11. Lofotr Viking Museum
Travel 1000 years back in time at Lofotr Viking Museum at Borg. The longest longhouse in the world was found here, and later reconstructed and turned into a museum. Definitely stop by if you’re even the slightest interested in viking history. Its open all year, but in summer there is a ton of fun activities you can partake in, like rowing the Viking ship, or trying archery or axe-throwing.
EAT: Eat at The Museum Café or Skjelterskjåen Café outdoors during high season. Pre-book a viking meal in The Chieftain’s House for a special experience all year round (in summer individual guests may enjoy a Viking lunch as well). The Viking Feast is supposedly amazing. Read more: here.
I honestly had never heard much about Gimsøy before my friends and I drove there randomly once. Gimsøy turned out to be a pleasant surprise (what a shocker, right? another beautiful place in Lofoten. Who knew!). There are fun things to do in Gimsøy like hiking to Hoven, playing golf with the best view ever, or go horseback riding.
EAT: Enjoy a delicious local meal in a traditional barn at Låven Restaurant.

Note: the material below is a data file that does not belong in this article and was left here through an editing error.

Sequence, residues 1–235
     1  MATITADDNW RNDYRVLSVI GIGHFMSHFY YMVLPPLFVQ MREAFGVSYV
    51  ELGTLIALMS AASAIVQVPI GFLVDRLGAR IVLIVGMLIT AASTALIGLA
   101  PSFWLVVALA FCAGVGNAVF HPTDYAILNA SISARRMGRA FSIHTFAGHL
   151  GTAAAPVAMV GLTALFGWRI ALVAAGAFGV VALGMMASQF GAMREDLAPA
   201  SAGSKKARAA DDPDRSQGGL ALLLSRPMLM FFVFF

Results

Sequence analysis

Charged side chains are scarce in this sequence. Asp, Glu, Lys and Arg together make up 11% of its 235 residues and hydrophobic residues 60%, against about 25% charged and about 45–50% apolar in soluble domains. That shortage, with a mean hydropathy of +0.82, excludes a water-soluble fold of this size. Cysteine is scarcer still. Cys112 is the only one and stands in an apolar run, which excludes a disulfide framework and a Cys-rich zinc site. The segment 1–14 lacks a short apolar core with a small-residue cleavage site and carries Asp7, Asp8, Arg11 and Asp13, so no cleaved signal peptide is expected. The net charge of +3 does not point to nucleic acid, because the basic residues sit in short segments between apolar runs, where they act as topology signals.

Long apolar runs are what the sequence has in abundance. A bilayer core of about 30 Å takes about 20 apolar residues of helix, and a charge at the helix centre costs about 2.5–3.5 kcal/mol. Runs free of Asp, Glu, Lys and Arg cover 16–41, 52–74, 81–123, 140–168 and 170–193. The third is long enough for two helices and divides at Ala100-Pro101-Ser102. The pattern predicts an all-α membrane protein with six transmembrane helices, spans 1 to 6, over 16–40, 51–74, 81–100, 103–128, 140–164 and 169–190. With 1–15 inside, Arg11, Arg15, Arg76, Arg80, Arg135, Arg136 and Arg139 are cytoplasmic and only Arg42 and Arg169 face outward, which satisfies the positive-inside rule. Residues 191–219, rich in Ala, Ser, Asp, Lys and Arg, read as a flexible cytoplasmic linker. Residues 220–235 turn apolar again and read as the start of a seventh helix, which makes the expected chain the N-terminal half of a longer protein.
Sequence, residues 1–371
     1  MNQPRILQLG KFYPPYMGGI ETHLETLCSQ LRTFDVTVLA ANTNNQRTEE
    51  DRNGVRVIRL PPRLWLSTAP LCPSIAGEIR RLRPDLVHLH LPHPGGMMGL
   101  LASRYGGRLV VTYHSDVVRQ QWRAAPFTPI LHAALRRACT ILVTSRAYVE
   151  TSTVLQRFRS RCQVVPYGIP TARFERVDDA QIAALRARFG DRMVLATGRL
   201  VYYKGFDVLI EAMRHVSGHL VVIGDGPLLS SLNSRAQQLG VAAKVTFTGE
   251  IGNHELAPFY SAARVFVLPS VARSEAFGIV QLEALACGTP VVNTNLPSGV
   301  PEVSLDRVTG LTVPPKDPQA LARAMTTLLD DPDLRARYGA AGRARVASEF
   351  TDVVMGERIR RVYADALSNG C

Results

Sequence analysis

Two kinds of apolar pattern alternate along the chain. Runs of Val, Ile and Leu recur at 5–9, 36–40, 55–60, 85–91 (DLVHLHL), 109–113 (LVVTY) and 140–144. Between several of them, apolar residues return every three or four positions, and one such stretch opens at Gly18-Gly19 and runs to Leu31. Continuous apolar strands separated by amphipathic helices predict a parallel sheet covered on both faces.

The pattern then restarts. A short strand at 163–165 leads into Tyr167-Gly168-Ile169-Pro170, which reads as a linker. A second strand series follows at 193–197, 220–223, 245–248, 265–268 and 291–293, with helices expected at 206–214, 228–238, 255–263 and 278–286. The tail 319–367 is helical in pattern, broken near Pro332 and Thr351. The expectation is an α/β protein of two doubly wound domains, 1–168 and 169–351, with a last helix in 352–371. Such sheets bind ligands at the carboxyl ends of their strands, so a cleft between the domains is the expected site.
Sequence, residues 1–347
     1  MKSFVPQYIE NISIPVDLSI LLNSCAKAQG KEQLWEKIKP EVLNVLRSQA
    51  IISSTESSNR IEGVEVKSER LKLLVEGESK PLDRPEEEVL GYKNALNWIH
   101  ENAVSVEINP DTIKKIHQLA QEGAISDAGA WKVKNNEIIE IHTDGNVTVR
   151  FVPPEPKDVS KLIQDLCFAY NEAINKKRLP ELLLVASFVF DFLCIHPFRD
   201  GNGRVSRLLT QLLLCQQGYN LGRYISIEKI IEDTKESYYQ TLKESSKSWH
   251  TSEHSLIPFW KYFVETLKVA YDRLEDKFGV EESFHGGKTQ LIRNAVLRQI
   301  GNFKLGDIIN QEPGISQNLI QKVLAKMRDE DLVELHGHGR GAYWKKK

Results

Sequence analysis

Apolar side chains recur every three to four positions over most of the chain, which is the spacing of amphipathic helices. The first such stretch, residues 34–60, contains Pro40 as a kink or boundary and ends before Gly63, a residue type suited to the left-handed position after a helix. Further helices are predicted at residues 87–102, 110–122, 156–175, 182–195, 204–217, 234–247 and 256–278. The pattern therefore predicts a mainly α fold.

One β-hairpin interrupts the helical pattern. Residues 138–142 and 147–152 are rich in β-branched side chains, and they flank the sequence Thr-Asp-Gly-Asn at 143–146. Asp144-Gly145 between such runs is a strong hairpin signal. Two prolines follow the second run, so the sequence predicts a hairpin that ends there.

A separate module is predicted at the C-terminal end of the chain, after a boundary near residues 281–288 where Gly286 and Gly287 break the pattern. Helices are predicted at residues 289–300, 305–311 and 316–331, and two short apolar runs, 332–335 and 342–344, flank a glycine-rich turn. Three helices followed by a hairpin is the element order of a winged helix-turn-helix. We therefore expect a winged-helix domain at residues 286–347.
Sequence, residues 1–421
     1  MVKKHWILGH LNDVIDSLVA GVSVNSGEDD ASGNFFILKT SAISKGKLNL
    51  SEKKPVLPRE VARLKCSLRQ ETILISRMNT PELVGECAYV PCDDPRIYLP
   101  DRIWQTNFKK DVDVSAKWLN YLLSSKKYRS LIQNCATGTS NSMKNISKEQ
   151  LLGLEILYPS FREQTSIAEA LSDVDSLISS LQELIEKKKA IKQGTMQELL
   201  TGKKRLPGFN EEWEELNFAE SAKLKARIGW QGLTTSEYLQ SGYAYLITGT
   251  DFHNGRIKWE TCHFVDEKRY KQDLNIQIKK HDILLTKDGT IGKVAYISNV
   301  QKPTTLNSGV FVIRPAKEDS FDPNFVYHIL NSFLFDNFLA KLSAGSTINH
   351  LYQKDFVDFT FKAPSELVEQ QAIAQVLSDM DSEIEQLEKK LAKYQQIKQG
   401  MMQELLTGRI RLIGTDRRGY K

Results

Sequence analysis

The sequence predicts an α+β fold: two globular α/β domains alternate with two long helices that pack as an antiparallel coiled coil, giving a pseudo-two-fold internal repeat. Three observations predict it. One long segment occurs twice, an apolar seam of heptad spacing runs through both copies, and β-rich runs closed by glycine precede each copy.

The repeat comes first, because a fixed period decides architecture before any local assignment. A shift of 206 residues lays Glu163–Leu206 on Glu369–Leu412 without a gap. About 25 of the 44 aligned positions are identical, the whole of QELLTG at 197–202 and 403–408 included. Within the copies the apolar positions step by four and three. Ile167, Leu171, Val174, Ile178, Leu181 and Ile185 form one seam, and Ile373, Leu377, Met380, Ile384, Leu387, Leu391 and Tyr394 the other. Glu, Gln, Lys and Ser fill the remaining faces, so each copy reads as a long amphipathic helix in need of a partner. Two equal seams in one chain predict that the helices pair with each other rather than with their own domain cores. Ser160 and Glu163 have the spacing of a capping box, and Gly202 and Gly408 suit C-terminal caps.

Henningsvær is my favorite fishing village in Lofoten. It is simply charming and it never disappoints. I recommend strolling the tiny streets and the harbor and visiting some of the wonderful galleries in the area like Galleri Lofoten or KaviarFactory. You should also pop by the independent shops in town, like Mors Hus and MIN. Hiking to Festvågtinden is also a popular activity, as well as eagle safari and fishing.
STAY: Definitely stay at Trevarefabrikken if you have the chance! Located in an old factory from 1948, a group of friends turned it into the coolest accommodation in Lofoten a few years ago. Its been growing ever since and has received both national and international attention for their unique take on life in the north. Their interior design alone is reason enough to stay here. I also hear great things about Henningvær Bryggehotell, which is another great choice right by the harbor.